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4 divided by i

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Division by complex numbers is handled very much like division by radicals...  when there is a radical in the denominator, we "rationalize" it by multiplying both the numerator and the denominator by the radical.  This has the effect of "getting rid of" the radical in the denominator.

A very similar concept is used to "realize" the denominator when it has an imaginary component.  Keep in mind that i * i = -1, and so if we multiply both the numerator and the denominator by i, then the denominator will simplify to -1.  Thus:

 4       i       4i       4i
---  *  ---  =  ----  =  ----  = -4i
 i       i       i2       -1

So the answer is -4i.

If the denominator was a complex number (instead of simply an imaginary number) then we would multiply by the complex conjugate of the complex number, which is just the same number but with the opposite sign on the imaginary part.  For example, the complex conjugate of 1+2i is 1-2i.  So if we had an expression that was something divided by 1+2i, we would multiply both the numerator and denominator by the complex conjugate 1-2i.  The result of this is that the denominator will become a real number (no imaginary part.)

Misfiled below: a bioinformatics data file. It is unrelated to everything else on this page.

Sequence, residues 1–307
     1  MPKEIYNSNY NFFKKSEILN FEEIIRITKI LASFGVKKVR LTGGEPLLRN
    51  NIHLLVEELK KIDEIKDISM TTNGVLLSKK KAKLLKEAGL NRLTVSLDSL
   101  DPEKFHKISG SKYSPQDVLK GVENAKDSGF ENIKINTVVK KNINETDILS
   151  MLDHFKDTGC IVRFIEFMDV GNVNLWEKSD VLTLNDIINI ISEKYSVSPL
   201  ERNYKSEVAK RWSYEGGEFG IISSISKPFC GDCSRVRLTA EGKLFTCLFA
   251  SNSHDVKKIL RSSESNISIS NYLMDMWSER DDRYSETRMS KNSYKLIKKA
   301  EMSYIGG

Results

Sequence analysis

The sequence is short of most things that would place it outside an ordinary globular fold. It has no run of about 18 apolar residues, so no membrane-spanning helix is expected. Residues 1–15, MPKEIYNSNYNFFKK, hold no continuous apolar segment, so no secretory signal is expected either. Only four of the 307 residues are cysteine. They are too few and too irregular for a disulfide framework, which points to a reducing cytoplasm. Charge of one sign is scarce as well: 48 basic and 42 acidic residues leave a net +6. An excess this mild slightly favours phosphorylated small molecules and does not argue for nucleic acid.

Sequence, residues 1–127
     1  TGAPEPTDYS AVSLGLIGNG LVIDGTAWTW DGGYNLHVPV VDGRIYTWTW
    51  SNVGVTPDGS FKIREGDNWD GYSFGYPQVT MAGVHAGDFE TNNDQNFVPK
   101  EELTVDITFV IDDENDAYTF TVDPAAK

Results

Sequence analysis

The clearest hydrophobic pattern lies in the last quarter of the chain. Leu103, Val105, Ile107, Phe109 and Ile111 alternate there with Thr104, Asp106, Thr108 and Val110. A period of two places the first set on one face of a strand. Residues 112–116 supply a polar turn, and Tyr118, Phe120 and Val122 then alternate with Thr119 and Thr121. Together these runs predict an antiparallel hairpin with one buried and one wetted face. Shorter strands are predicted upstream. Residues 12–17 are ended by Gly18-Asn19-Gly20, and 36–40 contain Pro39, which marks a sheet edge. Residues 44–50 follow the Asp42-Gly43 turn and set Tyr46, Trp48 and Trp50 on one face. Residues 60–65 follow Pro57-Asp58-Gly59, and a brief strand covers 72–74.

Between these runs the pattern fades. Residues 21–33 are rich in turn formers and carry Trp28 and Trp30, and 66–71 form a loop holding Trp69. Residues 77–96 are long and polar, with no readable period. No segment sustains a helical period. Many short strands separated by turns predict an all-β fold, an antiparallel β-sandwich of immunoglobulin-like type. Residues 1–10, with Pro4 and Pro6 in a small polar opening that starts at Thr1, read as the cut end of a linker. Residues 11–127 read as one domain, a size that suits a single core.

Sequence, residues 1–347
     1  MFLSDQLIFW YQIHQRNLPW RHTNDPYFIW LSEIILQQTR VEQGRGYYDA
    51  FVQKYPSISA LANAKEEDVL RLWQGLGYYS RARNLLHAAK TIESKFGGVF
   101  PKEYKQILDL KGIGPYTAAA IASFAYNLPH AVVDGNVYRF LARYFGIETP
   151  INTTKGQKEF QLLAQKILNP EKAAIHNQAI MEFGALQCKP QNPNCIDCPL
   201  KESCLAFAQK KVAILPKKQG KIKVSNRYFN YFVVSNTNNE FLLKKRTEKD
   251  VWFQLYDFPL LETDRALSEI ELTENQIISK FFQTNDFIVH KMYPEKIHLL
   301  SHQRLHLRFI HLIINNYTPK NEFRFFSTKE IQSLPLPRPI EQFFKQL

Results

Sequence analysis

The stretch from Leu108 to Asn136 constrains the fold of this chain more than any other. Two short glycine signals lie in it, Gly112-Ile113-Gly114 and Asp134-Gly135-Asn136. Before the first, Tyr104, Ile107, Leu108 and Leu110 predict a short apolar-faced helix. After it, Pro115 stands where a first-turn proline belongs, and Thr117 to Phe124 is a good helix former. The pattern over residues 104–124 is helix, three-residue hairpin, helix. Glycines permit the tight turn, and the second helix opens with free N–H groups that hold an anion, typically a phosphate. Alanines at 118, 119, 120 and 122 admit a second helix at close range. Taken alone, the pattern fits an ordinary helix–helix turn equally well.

The real part of the complex conjugate is missing.  The denominator may also be written 0 + i.  The complex conjugate of 0 + i is 0 - i.  In this particular case the 0 is just ignored due to its non-contribution to the denominator.  Multiply the numerator and denominator by 0-i and you get -4i as noted in previous example.